FORT PAYNE, Ala. (WHNT) — The Dekalb County Sheriff said he is thrilled at how quickly his investigators received the results of DNA testing in a burglary case.
Quickly still meant three months.
Deputies got a major piece of evidence after a February break-in at the Fyffe Pharmacy.
“We found a partial fingertip. A small fingertip,” Sheriff Jimmy Harris said.
He knew DNA would be a long wait because of a backlog at the forensics department.
“It normally takes so long on DNA to get it to the state and get it back because of budget cuts and this and that. We talked to them about how we’ve had so many pharmacies broken into, we need this. So they put a rush on it for us,” Harris said.
They expected DNA to match one of the men arrested in March for burglaries at other dekalb county pharmacies, but DNA identified 33-year-old Carson Conrad Weldon.
“I think they swab everybody now that goes to prison,” Harris said.
“We have had him in our jail. We have sent him to prison before, and we’re just glad to be able to make an arrest on this case at this time. This broke our case for us because this guy was not on the radar at that time. This had nothing to do with the others,” he said.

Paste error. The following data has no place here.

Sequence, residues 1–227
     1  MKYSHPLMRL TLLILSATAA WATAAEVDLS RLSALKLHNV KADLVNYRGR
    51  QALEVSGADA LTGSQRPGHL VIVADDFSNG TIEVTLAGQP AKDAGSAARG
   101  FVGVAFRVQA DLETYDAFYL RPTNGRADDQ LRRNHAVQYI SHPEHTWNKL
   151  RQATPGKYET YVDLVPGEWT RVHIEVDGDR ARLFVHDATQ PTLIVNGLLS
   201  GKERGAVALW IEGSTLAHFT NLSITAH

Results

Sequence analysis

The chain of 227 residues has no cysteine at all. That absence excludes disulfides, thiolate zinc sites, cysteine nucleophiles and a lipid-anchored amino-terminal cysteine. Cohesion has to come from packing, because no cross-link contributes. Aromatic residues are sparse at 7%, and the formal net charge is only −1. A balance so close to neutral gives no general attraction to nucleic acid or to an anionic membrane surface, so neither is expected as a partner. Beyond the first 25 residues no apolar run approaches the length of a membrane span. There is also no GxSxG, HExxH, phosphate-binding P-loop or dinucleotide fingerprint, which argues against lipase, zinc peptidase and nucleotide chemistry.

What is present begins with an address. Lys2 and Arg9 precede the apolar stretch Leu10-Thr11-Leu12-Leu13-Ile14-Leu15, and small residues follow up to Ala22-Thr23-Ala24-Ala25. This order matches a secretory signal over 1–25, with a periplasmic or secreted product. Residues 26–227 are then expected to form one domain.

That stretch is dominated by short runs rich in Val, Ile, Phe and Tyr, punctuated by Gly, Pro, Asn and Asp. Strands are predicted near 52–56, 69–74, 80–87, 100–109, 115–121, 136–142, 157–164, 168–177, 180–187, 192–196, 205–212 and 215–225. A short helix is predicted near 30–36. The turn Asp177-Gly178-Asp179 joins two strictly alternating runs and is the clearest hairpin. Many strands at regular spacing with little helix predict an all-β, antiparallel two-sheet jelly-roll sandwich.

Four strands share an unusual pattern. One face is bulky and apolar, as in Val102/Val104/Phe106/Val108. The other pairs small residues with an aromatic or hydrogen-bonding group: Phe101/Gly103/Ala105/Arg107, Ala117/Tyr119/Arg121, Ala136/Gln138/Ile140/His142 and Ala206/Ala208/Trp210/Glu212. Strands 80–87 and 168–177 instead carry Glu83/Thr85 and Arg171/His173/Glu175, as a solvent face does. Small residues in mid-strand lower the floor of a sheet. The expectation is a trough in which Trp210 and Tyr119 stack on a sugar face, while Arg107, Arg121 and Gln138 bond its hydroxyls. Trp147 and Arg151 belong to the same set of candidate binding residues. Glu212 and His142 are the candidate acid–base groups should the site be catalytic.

Harris said he felt fortunate to close the case in just three months.
“You see it on CSI and they solve one in an hour and you know you can’t get it back like that. Everybody thinks that that happens but it don’t happen,” the sheriff said.
Marshall County District Attorney Steve Marshall is used to even longer waits for DNA.
“We recently had a murder case where we waited almost two years to get,” Marshall said.
Wesley Burgess is scheduled for a competency hearing in June so a judge can set a date for his trial. He is accused in the 2009 murder of Ricky Moody near Guntersville Deputies arrested Burgess in 2010, and finally got the DNA results they were hoping for in 2011.
Another murder suspect, Larry Reginald Beason, will also appear in Marshall County court in June. It took nearly nine months for prosecutors to get DNA results to confirm Beason as the suspect in June 2012 murder of Ansheka Radford in Albertville.
“The best time for us to prosecute a case is right after it happened and any delay simply serves to hamper prosecution, not to help it,” district attorney Marshall said.